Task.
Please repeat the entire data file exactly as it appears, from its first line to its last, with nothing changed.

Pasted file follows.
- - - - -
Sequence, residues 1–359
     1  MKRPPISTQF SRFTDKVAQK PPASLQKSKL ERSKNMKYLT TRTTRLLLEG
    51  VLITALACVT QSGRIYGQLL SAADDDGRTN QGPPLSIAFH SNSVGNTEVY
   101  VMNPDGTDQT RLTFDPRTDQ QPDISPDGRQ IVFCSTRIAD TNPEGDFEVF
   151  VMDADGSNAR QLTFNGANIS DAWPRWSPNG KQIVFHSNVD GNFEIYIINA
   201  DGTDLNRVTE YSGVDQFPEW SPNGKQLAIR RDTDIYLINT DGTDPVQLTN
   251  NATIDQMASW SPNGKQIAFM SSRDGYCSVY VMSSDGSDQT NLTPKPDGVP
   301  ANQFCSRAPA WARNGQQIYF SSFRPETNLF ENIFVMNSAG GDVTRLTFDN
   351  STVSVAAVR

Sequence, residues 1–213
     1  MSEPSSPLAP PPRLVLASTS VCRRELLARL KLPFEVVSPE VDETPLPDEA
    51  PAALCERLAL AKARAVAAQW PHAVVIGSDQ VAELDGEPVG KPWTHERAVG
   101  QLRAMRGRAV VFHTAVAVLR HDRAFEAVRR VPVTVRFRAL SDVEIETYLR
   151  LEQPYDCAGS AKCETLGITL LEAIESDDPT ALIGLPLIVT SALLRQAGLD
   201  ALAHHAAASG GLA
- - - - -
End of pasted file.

Sequence, residues 1–359
     1  MKRPPISTQF SRFTDKVAQK PPASLQKSKL ERSKNMKYLT TRTTRLLLEG
    51  VLITALACVT QSGRIYGQLL SAADDDGRTN QGPPLSIAFH SNSVGNTEVY
   101  VMNPDGTDQT RLTFDPRTDQ QPDISPDGRQ IVFCSTRIAD TNPEGDFEVF
   151  VMDADGSNAR QLTFNGANIS DAWPRWSPNG KQIVFHSNVD GNFEIYIINA
   201  DGTDLNRVTE YSGVDQFPEW SPNGKQLAIR RDTDIYLINT DGTDPVQLTN
   251  NATIDQMASW SPNGKQIAFM SSRDGYCSVY VMSSDGSDQT NLTPKPDGVP
   301  ANQFCSRAPA WARNGQQIYF SSFRPETNLF ENIFVMNSAG GDVTRLTFDN
   351  STVSVAAVR

Sequence, residues 1–213
     1  MSEPSSPLAP PPRLVLASTS VCRRELLARL KLPFEVVSPE VDETPLPDEA
    51  PAALCERLAL AKARAVAAQW PHAVVIGSDQ VAELDGEPVG KPWTHERAVG
   101  QLRAMRGRAV VFHTAVAVLR HDRAFEAVRR VPVTVRFRAL SDVEIETYLR
   151  LEQPYDCAGS AKCETLGITL LEAIESDDPT ALIGLPLIVT SALLRQAGLD
   201  ALAHHAAASG GLA